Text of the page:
Friday, February 20, 2015

RIP little Elijah


We live in a world where horrible tragic events seem to happen more often than we like and most of the time, we protect our selves from going insane by shutting our selves off and building impenetrable walls to protect our vulnerabilities. We hide our helplessness behind indifference and nonchalance but some things find a way to sneak in and completely gut you. Yesterday was one such day. 

The unspeakable tragedy of little Elijah touched a cord with everyone. The entire city was gripped in the shared horror and worry about this little boy lost in the frigid, harsh winter.  My heart ached when I saw the image of the little  munchkin, standing in the hallway, his tiny silhouette  a warm glow in the bleary twilight of early morning. I watched  the video in horror as he sauntered out in his tee-shirt and diapers, for what he must have thought would be a spectacular adventure.  Every fibre in my body wished that he would have turned around when he stopped and thought for a minute, his hand in his mouth.

 I got invested in this for a simple reason. I KNOW 3 year-old toddlers. I know their precociousness; I know how good they are at wandering away and being consummate escape artists. I marvel at their ingenuity and dexterity, their innate curiosity and I know that look of quite contemplation on Elijah before he ventured out into the cruel, unforgiving cold.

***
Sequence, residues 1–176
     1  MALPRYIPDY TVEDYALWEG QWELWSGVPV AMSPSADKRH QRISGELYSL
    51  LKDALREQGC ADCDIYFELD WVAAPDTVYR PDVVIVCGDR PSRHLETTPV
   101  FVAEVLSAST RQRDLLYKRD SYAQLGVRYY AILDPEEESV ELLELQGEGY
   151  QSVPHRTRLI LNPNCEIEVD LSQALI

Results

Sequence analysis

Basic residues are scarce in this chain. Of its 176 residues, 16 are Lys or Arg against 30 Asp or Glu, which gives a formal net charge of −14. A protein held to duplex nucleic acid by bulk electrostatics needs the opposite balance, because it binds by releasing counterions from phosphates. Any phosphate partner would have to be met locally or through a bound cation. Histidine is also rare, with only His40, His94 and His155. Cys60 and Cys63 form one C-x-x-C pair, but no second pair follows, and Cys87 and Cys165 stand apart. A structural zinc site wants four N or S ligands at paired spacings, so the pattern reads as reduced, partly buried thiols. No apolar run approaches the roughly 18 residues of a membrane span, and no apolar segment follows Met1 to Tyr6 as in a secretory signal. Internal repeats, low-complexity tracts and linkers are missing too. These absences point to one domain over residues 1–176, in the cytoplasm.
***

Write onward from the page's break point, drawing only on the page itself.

When he was found, I too hoped against every rational scientific probability that a miracle would occur. I dared, no begged the universe to make it so that this little guy would survive despite the overwhelming odds against his favor. I distinctly remember the moment I saw his death announced on the TV as a second before, I was saying a silent prayer urging him to hold on. I remember stumbling into my office just wanting a moment to process this immeasurable loss to his family.

Even though I don’t want to, I keep imagining how terrified and lonely he would have felt in his final moments and the I hope to God that the sweet oblivion of unconsciousness was quick.  I keep thinking of his family and the horror they will be burdened with for the rest of their lives and I understand their frustrations. Be compassionate to them. Its very easy to point our fingers but try to remember that toddlers are experts at evasion and one tiny slip can lead to disastrous consequences as it did with this poor family.

 Everybody stands united in our grief for this little angel and as Bill Blair said, it only makes us hug our loved ones a little harder and to be thankful for the little monkeys in our lives. Last night I could not sleep properly until the little prince came and sneaked in between us. Hugging him close gave me a measure of comfort. Normally I’m quite grumpy when I have to wake up in the middle of the night to help him pee- pee but the only thought in my mind last night was that Elijah’s loved ones would kill for the opportunity for this mundane nightly annoyance. So, I wiped the unbidden tears and hugged my sleepy bunny as he peed and thanked god that he was safe with me.

Rest in peace precious Elijah. May the lilting laughter of angels and the warmth of heaven wipe away the horrors of your final moments. Sleep in heavenly peace little angel.